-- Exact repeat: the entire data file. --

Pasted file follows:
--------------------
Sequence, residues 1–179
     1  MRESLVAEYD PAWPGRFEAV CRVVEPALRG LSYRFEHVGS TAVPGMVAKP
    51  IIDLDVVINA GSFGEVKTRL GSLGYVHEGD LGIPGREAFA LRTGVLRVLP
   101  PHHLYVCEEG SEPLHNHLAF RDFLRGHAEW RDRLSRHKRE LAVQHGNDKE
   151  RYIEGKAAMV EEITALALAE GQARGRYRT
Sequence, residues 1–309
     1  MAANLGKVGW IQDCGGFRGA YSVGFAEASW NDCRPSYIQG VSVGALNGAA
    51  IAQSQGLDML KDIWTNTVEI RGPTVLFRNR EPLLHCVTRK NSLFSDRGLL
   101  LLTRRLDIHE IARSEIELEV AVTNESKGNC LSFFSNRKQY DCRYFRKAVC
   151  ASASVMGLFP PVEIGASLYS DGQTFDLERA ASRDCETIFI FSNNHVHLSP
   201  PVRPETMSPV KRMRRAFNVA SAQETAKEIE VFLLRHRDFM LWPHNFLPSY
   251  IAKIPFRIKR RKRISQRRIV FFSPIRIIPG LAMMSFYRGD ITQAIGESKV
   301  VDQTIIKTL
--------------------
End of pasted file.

Sequence, residues 1–179
     1  MRESLVAEYD PAWPGRFEAV CRVVEPALRG LSYRFEHVGS TAVPGMVAKP
    51  IIDLDVVINA GSFGEVKTRL GSLGYVHEGD LGIPGREAFA LRTGVLRVLP
   101  PHHLYVCEEG SEPLHNHLAF RDFLRGHAEW RDRLSRHKRE LAVQHGNDKE
   151  RYIEGKAAMV EEITALALAE GQARGRYRT
Sequence, residues 1–309
     1  MAANLGKVGW IQDCGGFRGA YSVGFAEASW NDCRPSYIQG VSVGALNGAA
    51  IAQSQGLDML KDIWTNTVEI RGPTVLFRNR EPLLHCVTRK NSLFSDRGLL
   101  LLTRRLDIHE IARSEIELEV AVTNESKGNC LSFFSNRKQY DCRYFRKAVC
   151  ASASVMGLFP PVEIGASLYS DGQTFDLERA ASRDCETIFI FSNNHVHLSP
   201  PVRPETMSPV KRMRRAFNVA SAQETAKEIE VFLLRHRDFM LWPHNFLPSY
   251  IAKIPFRIKR RKRISQRRIV FFSPIRIIPG LAMMSFYRGD ITQAIGESKV
   301  VDQTIIKTL